Updated on 15 October 2013
The Nanostim leadless pacemaker is less than 10 percent the size of a conventional pacemaker. Photo courtesy: Business Wire
Singapore: US-based St Jude Medical, a global medical device company, has announced the completion of its acquisition of Nanostim, a privately-owned developer of miniaturized, leadless pacemakers, for $123.5 million up front and potentially $65 million more in the future.
The acquisition adds the world's first and only leadless pacemaker to the St Jude Medical product portfolio and culminates a two-year partnership between the two companies during which St Jude Medical invested in and collaborated with Nanostim throughout its product development and commercialization initiatives.
Unlike conventional pacemakers that require a more invasive surgery, the Nanostim leadless pacemaker is designed to be implanted directly into the heart via a minimally invasive procedure. The device is delivered using a steerable catheter through the femoral vein, eliminating the need to surgically create a pocket for the pacemaker and insulated wires (called leads) that have historically been recognized as the most vulnerable component of pacing systems.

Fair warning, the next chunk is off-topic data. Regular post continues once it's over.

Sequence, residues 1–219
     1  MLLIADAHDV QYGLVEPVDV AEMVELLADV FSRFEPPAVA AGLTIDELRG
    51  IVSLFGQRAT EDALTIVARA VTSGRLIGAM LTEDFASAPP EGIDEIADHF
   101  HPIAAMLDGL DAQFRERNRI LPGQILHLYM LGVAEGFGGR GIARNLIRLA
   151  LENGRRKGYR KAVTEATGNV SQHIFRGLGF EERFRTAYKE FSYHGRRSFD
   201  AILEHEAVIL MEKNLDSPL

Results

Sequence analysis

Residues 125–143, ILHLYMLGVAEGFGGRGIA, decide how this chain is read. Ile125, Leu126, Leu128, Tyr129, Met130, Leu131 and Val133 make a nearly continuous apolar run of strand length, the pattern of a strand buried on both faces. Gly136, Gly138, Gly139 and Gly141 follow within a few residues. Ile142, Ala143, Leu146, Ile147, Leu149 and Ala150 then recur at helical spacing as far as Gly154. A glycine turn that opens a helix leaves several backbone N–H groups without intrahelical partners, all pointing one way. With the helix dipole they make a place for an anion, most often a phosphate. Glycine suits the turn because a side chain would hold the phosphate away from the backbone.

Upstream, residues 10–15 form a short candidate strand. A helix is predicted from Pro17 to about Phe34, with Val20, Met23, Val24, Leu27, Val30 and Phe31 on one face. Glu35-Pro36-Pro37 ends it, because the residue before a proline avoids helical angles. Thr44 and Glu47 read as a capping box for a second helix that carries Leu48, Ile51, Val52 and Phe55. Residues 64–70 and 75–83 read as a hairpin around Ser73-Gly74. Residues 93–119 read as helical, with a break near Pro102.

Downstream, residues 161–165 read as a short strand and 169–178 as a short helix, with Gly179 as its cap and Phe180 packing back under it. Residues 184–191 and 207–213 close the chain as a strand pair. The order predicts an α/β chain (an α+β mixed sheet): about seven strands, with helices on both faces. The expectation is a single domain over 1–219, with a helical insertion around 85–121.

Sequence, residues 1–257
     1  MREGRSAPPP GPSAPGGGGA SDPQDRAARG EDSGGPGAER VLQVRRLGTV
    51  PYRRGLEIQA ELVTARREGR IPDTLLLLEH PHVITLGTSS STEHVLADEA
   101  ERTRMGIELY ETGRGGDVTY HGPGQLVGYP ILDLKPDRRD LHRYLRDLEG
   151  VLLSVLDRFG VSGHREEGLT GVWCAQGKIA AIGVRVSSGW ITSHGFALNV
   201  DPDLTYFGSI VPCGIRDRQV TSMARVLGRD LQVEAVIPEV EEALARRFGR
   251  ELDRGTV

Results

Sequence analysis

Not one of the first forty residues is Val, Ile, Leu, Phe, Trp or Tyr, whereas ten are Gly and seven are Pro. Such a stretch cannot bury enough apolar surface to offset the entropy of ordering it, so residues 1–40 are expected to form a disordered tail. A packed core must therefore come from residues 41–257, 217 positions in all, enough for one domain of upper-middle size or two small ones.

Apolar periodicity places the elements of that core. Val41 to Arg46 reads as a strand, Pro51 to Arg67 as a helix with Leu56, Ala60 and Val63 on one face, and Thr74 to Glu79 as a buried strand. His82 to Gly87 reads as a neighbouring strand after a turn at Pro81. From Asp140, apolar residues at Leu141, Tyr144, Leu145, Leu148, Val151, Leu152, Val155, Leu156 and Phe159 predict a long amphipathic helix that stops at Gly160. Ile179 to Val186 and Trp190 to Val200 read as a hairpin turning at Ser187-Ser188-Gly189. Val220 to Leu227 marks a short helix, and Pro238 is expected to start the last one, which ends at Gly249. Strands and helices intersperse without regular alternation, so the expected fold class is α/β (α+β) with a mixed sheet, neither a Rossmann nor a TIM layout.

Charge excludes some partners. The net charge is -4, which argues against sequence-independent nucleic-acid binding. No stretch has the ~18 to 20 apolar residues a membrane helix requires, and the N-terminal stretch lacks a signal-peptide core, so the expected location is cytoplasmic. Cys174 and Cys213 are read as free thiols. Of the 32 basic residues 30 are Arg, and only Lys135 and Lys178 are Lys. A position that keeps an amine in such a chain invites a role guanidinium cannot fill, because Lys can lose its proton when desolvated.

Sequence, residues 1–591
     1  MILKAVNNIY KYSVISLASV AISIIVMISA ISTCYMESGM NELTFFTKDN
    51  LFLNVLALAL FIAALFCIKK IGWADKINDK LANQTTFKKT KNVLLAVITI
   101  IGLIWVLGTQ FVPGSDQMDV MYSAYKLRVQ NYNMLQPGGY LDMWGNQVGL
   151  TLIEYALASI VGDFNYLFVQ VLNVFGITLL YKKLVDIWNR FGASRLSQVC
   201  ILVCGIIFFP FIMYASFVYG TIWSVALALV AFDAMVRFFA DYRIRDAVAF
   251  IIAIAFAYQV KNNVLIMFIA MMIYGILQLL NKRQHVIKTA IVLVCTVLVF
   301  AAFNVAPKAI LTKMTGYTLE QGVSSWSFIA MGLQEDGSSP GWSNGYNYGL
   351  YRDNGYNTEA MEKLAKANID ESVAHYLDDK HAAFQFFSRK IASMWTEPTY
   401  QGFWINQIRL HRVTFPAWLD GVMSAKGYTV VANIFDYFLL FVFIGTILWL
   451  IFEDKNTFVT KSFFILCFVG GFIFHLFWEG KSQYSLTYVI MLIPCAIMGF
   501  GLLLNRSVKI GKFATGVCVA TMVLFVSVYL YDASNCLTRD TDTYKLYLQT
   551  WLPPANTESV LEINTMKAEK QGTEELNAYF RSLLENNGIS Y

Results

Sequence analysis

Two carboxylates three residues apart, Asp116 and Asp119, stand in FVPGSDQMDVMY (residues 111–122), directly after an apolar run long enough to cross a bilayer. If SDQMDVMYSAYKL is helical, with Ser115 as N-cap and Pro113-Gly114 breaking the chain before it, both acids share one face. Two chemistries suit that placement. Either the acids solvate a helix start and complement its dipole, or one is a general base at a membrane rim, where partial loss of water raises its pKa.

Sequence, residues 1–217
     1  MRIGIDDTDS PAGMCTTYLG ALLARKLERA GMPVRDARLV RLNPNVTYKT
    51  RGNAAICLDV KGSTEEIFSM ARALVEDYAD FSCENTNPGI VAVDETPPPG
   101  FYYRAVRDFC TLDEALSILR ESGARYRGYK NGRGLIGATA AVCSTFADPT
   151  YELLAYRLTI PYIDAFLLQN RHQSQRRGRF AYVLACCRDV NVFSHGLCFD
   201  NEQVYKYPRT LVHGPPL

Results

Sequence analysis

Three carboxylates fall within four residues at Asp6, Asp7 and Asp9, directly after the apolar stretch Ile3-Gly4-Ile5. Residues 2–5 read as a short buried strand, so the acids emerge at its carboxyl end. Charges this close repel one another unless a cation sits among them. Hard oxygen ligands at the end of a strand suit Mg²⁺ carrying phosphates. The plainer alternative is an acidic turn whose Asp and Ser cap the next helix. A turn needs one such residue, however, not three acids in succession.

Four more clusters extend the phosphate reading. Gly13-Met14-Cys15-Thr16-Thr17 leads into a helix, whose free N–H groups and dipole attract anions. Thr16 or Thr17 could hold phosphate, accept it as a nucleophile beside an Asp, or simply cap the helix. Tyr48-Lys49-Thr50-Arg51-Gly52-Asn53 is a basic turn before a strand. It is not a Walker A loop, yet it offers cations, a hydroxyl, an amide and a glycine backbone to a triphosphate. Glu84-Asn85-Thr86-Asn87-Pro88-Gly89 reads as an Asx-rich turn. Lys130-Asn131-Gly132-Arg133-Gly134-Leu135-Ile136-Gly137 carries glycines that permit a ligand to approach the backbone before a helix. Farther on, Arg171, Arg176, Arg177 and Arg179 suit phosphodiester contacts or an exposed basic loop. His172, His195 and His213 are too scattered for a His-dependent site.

The Nanostim leadless pacemaker recently received CE Mark approval and will be available soon in select European markets. It also recently received US Food and Drug Administration (FDA) conditional approval for its Investigational Device Exemption (IDE) application and pivotal clinical trial protocol to begin evaluating Nanostim leadless technology in the US.
"The Nanostim leadless pacemaker represents one of the most important advances in the history of pacing technology, and builds on St Jude Medical's strong history of pacing innovation - beginning with the first implantable pacemaker in 1958 through the introduction of quadripolar cardiac resynchronization therapy pacing," said Mr Eric S Fain, president of the St Jude Medical Implantable Electronic Systems Division. "We look forward to welcoming Nanostim employees to St Jude Medical and to continuing our legacy of transforming the treatment of cardiac rhythm disorders with pioneering technology," Mr Fain added.